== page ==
EU foreign policy once existed in the form of the European Political Cooperation with only a limited political leverage and symbolic institutional underpinnings. In recent years rapid changes have occurred, including an expanding institutional apparatus, increased responsibility and growing demand for action.
This book examines new approaches to the EU’s foreign policy that address its rapidly changing character, presenting the newest theoretical perspectives and dealing with novel empirical developments. Rather than simply considering structural variations and changes in the agency of the EU, it explores the new complexity in EU foreign policy. The authors offer new theoretical perspectives and new empirical studies dealing, among others, with issues such as:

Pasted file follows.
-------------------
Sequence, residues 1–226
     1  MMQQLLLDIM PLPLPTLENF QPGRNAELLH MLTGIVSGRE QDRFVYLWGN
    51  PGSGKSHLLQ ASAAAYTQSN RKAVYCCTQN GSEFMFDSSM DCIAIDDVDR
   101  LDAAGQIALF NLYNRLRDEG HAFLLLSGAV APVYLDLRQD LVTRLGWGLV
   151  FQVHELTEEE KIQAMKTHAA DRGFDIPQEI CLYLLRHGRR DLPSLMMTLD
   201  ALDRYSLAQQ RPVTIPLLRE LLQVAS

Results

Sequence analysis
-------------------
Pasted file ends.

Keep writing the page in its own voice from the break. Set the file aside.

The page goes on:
- Power delegation to the Commission.
- EU diplomacy.
- Parliamentarisation and constitutionalisation.
- Committees’ involvement in foreign policy process.
This book will be of interest to students and scholars of European politics, European foreign policy and European integration.
TABLE OF CONTENTS
part Part I|128 pages
Internal perspectives on EU foreign policy
chapter 2|21 pages
The EU's ‘external action’ according to the Lisbon Treaty
chapter 4|30 pages
The High Representative and the European External Action Service
chapter 5|20 pages
The committee approach to the CFSP/CSDP
part Part II|96 pages
Challenges and choices in external perspectives on EU foreign policy
chapter 9|15 pages
A post-modern foreign policy
chapter 10|20 pages
The anomie of EU Eastern enlargement
chapter 12|17 pages
Turkey and the European Union
part Part III|35 pages
New approaches to EU foreign policy